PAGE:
New easier-to-read road signs based on Penn State research are appearing across the U.S. and Canada.
The Federal Highway Administration (FHWA) has approved the interim use of a new typeface, called Clearview, for signs on all public streets, highways, and byways. New signs bearing Clearview, instead of the old familiar Highway Gothic, already appear on Routes 322 and 80 in Pennsylvania near Penn State, on highways throughout Texas and in Canada.
A decade in development, the Clearview Typeface System for traffic control devices was developed by a design team that included Dr. Martin Pietrucha, a civil engineer and director of the University's Science, Technology and Society program, and Philip Garvey, research associate at Penn State's Pennsylvania Transportation Institute.
The new Clearview road sign typeface is so much more legible than the existing typeface that it gives drivers going 55 mph added seconds to respond to directions.
Clearview offers a 20 percent improvement in legibility and recognition with the same size sign as currently used. Replacing signs bearing the 50-year-old Standard Highway Sign Alphabet with new Clearview signs should not cause driver confusion or increase costs, the two Penn State researchers say.
An interdisciplinary team including perceptual psychologists, traffic engineers, type designers, graphic designers, vision experts and optics engineers developed Clearview. Their goal was to improve road sign legibility and recognition at night, especially for older drivers.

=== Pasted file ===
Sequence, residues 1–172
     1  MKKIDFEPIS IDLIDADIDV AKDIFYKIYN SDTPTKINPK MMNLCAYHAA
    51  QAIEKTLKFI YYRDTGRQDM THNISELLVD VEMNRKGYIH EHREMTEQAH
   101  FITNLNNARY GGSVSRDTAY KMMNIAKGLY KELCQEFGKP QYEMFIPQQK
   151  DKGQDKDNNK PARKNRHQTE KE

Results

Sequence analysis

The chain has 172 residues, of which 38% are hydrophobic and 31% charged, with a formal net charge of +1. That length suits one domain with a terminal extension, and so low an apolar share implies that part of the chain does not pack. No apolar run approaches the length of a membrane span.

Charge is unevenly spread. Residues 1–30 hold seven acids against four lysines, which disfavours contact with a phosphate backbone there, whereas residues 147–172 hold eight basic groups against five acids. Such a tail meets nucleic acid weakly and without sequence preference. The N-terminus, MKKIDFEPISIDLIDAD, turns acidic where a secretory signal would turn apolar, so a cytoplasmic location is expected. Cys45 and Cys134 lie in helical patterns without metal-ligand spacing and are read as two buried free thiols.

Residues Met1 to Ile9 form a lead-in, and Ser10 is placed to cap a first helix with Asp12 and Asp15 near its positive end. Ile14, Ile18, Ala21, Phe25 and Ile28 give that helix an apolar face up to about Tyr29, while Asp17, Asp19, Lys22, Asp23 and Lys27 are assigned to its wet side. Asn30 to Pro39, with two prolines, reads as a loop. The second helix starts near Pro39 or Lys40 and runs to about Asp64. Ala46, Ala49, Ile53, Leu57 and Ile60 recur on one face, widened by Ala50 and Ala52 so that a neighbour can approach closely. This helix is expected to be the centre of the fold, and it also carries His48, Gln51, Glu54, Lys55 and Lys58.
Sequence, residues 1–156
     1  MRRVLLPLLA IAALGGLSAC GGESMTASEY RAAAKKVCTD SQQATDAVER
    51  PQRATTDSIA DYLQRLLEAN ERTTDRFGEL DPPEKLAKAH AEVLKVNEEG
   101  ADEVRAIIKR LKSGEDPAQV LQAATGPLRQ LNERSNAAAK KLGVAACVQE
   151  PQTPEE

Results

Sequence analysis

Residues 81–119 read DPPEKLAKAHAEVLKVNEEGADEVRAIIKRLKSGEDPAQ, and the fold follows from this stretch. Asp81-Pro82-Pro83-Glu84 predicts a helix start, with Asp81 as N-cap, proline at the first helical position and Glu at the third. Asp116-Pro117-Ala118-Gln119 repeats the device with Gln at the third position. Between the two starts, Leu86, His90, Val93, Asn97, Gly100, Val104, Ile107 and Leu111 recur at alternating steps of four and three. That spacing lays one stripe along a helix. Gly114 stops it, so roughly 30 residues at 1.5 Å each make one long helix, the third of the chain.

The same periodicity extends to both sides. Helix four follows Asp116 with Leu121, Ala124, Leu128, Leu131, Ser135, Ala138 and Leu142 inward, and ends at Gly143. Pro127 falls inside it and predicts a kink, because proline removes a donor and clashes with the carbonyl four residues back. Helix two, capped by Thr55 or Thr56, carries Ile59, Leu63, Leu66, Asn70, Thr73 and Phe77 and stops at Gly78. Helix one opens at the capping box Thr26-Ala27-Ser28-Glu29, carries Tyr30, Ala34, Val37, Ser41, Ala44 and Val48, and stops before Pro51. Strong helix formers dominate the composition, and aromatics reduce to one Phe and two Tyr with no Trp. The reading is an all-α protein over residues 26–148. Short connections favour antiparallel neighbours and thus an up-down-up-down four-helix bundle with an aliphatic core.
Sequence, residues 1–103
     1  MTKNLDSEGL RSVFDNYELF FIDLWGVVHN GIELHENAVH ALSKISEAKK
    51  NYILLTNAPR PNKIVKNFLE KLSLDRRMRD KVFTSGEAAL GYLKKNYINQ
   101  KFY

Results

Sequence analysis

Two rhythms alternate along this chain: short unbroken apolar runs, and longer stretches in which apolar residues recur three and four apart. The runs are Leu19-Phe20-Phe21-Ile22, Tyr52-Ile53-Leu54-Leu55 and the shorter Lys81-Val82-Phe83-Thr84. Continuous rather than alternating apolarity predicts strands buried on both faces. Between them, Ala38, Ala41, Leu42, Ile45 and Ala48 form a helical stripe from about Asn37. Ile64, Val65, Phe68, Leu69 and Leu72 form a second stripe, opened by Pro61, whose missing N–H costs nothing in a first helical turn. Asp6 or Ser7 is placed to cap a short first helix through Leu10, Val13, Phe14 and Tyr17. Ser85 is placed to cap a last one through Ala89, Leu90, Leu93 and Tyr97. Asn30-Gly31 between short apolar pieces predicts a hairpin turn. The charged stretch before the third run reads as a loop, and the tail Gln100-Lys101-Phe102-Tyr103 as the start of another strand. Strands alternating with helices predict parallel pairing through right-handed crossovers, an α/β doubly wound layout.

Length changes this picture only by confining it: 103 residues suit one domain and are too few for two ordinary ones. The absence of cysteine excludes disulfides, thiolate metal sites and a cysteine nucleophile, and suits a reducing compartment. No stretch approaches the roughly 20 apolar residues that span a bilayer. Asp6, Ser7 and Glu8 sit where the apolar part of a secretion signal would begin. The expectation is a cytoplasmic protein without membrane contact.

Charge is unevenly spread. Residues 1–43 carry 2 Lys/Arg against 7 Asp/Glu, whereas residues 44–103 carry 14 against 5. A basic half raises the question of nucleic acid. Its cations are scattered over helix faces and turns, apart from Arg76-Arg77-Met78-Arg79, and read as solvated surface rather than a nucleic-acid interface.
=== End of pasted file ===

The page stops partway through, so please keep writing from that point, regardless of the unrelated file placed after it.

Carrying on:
Pietrucha says, "Clearview achieves its greater legibility by using upper and lower case with initial capital letters, special spacing based on how a viewer reads a legend from an extended distance and by eliminating nighttime overglow or halo-ing."
He explains that overglow occurs when a car's headlights shine directly on a sign on which letters have been formed from highly reflective material. The letters become, momentarily, so bright that they lose their familiar shape and look instead like blobs. Overglow is especially troublesome for those over age 65.
Clearview retains its readability, despite overglow, because the letters have been designed to have more interior space. The B, e, g and a, for example, have more space inside the letters so that when halo-ing occurs, the overglow doesn't entirely fill them up.
Garvey notes that Clearview's design is based on the results of six formal studies and dozens of field reviews using younger drivers as well as older ones in both day and night driving conditions.
"Inadequate signing can be a contributing factor in roadway crashes," he adds. "Although Clearview was intended to help older drivers, our studies show that the appreciable gain in reaction time provided by the new typeface will be achieved by drivers regardless of age."
The Clearview Typeface system for traffic control devices was developed by a design team that included Donald Meeker and Christopher O'Hara of Meeker & Associates Inc., James Montalbano of Terminal Design Inc., and Pietrucha and Garvey, with supporting research by Dr. Gene Hawkins and Dr. Paul Carlson of the Texas Transportation Institute (TTI) sponsored by TxDOT. Susan T. Chrysler of TTI provided consultation on experimental design.
Support for the Clearview project came from a grant to PTI from the 3-M Corp. and assistance from Avery Dennison.